When someone asks what it means to be successful, the same words come up often. Wealth, fame, finding love, living a comfortable life. There so many seemingly obvious answers to this question, and sometimes it seems objective in the way we define success. Whether or not you agree with these answers (personally, I don’t), that definition isn’t relevant right now – and we need to get used to that for the time being.
Last week I virtually attended a screening of a documentary called Angst. Less than an hour long, the film’s main purpose is raise awareness around and anxiety and start the candid discussion about what anxiety is, what it looks like and how to get help. Even though the documentary seemed like it could be geared more toward people who want to learn more about anxiety disorders (i.e. not me), I still took a lot of away from the screening and I wanted to share why that was.
Since this blog is more based on personal experience than anything else, I’ve always felt more comfortable writing about what I know. Whether that’s something I’ve experienced or an experience that’s been shared with me, understanding what someone is thinking or feeling has always been important to me as a basis for a post. But I’ve been reading more news about how the COVID-19 pandemic is affecting children who now have to stay at home for school, and it’s got me thinking a lot about kid’s mental health during this difficult time.
At this point in the coronavirus pandemic, the general public is well aware of who is most at risk to be hit hardest by COVID-19. Older adults and people who have underlying health conditions are those that we need to keep a close eye on and we need to make sure they’re getting all the care they need and maintain an extremely safe distance. But as we’ve learned, other groups are also at risk to be hit hard by this pandemic – including those who suffer from mental illness.
There are so many new difficulties we’re facing these days. Trouble sleeping. Finding things to do while we’re staying at home. Making sure we can handle feeling more alone than usual. It’s a whirlwind just to prepare mentally, physically and emotionally to live in a world that’s very different from what we’ve come to know. With that preparation comes learning new things about people, systems and everything else. And it can be extremely frustrating.
A few months ago, one of my posts focused on how to sleep with anxiety for those out there who struggle. Since sleep and mental health have a direct connection, I thought there were people out there who, like me, have tremendous anxiety around bedtime. Even then (in January), I knew I wasn’t alone. Now, I’d guess that almost all of us are having trouble around bedtime as we end another day of living through a pandemic (“Day ??” is my go-to phrase) and try to sleep before starting another one. And though bedtime is more difficult for all of us, I’m here to tell you that it’s okay to feel that way.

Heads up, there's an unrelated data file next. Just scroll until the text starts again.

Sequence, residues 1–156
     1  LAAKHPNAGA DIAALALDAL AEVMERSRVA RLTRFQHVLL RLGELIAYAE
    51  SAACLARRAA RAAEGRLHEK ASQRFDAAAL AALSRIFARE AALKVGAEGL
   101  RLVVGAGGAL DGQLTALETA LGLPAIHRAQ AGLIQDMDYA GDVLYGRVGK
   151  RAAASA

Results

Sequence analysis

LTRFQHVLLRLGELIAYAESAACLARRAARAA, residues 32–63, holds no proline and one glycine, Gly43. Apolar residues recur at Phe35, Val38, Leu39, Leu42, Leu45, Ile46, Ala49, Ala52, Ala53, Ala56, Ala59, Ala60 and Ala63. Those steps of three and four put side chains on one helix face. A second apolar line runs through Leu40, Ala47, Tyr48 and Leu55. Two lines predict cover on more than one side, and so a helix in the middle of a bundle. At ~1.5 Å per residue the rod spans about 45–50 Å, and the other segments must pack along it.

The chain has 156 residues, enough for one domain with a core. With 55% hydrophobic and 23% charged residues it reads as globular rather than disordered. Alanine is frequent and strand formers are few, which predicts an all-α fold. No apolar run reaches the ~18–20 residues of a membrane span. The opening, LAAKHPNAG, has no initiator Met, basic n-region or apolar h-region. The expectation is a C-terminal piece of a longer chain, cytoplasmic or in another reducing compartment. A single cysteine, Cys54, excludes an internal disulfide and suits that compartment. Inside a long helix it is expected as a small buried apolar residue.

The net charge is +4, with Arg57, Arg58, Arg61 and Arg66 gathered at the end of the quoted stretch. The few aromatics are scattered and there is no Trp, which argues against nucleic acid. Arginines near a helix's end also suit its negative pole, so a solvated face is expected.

This hasn’t been a good week for me. I’ve had trouble controlling my emotions and keeping myself in check, and it hasn’t been easy. I constantly feel like I’m on the verge of breaking down, and I’m doing my best to avoid it if I can. I’ve had days, weeks and months like this before, so it’s nothing new. But being pushed to your limits physically, emotionally or mentally is exhausting. Fortunately, I know what to do when I feel this way: lean on my sources of strength.
There are plenty of new (essentially important) buzzwords that have gained traction over the last few months. An abundance of caution and self-quarantining had their time, and now social distancing, AKA physical distancing, continues to be used often. But there’s another phrase I’ve heard a few times: a new normal. As in, we’re living in a new normal and the world is different now. So how do we adjust?
It’s a hard time, it’s a dark time, it’s a strange time, it’s a weird time. I feel like I can’t write any new post for the foreseeable future without addressing that, but it still feels weird to say. On top of people having anxiety over the situation and having to deal with figuring out how to stay at home, plenty of people are feeling lonelier than ever at this time. Part of that is obviously being at home (stay inside if you can, friends!) but part of that is not being able to see who we want to see in person.